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Crocheting for a cause

Local youth crafts scarves for children's hospital

By: Amy Crofts

  |  Posted: Saturday, Mar 08, 2014 06:00 am

CROCHET FOR CHARITY – Treasure Fowler, 11, sold 44 of her handmade scarves and donated the profits to the Stollery Children's Hospital Foundation.
CROCHET FOR CHARITY – Treasure Fowler, 11, sold 44 of her handmade scarves and donated the profits to the Stollery Children's Hospital Foundation.
AMY CROFTS/St. Albert Gazette

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At the kitchen table, in front of the T.V., in the car or before bed, Treasure Fowler hooked, weaved and stitched wherever and whenever she could.

One year and countless balls of yarn later, the 12-year-old had met her goal of crocheting 44 scarves.

Treasure began crocheting last year as a personal fundraising project for the Stollery Children’s Hospital.

Inspired by her grandparents’ fundraising efforts for cancer research over the past seven years, the idea came to Treasure after she received a crocheted scarf as a Christmas gift.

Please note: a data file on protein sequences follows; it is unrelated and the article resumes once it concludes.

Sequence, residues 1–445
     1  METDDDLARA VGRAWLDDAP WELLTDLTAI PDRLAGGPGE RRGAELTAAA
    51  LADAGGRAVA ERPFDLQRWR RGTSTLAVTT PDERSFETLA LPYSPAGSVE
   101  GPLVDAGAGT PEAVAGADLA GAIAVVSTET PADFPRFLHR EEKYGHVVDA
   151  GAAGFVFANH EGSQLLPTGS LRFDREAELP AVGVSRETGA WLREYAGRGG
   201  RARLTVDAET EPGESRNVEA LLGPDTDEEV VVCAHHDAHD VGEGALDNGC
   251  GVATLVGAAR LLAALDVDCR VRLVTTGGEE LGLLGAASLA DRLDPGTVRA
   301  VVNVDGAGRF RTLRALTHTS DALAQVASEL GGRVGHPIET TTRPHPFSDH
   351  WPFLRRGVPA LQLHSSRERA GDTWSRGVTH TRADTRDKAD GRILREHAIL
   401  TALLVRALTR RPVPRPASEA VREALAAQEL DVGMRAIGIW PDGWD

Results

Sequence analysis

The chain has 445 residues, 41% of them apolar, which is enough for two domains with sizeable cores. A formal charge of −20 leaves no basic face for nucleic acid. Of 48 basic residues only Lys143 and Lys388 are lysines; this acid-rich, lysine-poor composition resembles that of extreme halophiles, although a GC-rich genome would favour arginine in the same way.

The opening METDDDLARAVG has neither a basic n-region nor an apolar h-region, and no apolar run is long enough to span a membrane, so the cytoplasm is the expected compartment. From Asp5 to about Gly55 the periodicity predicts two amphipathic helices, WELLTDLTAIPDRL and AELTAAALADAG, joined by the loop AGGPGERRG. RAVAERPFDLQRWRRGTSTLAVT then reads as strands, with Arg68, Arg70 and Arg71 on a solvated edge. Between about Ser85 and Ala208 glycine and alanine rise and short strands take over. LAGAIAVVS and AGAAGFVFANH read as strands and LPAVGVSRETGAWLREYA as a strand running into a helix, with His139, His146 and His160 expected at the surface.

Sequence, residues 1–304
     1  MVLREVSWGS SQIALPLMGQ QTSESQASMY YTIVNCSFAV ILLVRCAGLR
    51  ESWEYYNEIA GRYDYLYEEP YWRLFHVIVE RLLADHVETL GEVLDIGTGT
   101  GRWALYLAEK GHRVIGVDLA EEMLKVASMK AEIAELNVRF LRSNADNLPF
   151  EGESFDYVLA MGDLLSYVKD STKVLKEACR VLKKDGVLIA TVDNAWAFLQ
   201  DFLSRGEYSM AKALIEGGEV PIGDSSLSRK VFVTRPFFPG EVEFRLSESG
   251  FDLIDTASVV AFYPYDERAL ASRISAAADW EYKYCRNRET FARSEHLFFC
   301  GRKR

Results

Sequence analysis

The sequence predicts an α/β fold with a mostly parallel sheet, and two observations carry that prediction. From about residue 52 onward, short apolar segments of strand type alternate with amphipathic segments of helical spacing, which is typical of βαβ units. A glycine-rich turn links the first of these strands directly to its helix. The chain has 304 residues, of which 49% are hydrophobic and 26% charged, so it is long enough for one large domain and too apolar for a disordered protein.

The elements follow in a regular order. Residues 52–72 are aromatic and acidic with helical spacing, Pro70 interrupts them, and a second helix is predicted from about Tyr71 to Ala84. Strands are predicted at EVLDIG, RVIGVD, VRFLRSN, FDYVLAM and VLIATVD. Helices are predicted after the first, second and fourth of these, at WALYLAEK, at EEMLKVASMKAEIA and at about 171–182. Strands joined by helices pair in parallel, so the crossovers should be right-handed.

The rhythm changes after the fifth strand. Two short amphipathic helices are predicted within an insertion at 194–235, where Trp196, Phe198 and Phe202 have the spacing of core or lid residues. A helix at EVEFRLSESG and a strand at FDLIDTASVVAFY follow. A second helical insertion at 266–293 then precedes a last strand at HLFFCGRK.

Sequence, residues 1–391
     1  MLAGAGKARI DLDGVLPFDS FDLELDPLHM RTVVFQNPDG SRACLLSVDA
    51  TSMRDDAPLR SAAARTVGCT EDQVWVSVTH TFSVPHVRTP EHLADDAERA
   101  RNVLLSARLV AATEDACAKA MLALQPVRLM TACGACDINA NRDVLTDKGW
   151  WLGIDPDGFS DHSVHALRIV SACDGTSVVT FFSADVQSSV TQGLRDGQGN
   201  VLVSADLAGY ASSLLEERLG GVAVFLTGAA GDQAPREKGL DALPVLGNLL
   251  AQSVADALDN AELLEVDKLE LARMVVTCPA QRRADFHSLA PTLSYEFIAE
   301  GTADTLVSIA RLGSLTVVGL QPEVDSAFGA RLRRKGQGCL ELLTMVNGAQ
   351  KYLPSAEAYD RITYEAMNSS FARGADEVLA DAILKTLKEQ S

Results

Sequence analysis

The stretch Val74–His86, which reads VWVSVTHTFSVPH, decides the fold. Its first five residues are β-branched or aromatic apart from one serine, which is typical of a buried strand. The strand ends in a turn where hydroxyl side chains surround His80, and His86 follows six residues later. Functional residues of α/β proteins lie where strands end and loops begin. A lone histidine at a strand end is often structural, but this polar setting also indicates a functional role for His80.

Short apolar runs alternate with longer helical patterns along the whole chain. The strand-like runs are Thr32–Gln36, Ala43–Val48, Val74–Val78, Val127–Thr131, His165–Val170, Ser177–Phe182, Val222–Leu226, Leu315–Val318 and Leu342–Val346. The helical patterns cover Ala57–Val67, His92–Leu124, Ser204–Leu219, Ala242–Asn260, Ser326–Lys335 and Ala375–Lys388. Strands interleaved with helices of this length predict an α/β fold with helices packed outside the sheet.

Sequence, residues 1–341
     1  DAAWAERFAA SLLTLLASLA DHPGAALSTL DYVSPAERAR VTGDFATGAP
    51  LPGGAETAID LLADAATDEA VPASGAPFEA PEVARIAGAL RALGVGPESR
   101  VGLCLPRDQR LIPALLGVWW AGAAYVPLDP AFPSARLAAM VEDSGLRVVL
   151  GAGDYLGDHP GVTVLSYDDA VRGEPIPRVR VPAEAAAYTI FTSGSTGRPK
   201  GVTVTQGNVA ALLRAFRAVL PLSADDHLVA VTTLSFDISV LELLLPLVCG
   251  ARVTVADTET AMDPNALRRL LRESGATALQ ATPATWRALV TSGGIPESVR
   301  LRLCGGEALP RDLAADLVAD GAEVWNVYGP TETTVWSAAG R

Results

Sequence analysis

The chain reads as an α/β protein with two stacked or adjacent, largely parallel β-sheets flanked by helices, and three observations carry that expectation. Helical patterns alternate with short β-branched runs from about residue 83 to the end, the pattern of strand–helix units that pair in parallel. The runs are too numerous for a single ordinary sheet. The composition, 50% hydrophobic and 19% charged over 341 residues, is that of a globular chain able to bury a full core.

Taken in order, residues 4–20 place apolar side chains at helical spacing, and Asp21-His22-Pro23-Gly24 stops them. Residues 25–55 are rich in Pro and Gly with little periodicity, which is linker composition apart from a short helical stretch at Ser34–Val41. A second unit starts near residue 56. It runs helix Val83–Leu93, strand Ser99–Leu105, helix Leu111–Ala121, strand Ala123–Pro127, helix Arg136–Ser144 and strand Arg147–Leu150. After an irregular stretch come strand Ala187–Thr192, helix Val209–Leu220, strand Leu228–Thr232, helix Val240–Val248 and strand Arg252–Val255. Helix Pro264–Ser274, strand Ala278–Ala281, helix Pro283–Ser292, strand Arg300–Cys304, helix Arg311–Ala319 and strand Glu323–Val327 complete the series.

“I’ve always wanted to do something to donate to the Stollery. I don’t think it’s fair that children have to be in the Stollery and not be able to live their lives to the fullest,” she said.

Treasure sold her crocheted ruffle scarves first to family members – including younger sister Oceanna – then to family friends and teachers.

She surpassed her goal following a craft sale last November.

“Her original goal was $500,” said mom Laina. “People were buying them three at a time because it was before Christmas. She sold 11 scarves and that put her over the top.”

The 12-year-old’s earnings added up to $630.

Last month she brought the money to the hospital and presented it to the Stollery Children’s Hospital Foundation.

“I’m proud of myself,” Treasure said. “It’s an indescribable feeling when you can donate that much money by yourself.”

“She did good,” said mom Laina, describing the girl as “very smiley” that day.

The money will fund research and patient care programs at the Stollery.

Treasure’s donation was unique compared to others, said Joanna Pattison, the foundation’s community initiatives co-ordinator.

“Six hundred and thirty dollars was a fairly substantial donation for someone of that age,” she said. “Considering she had to handmade all of those scarves … she put so much work into it.”

Treasure admitted that her crochet hooks are taking a much needed rest now, but she is brainstorming an even bigger project next year.


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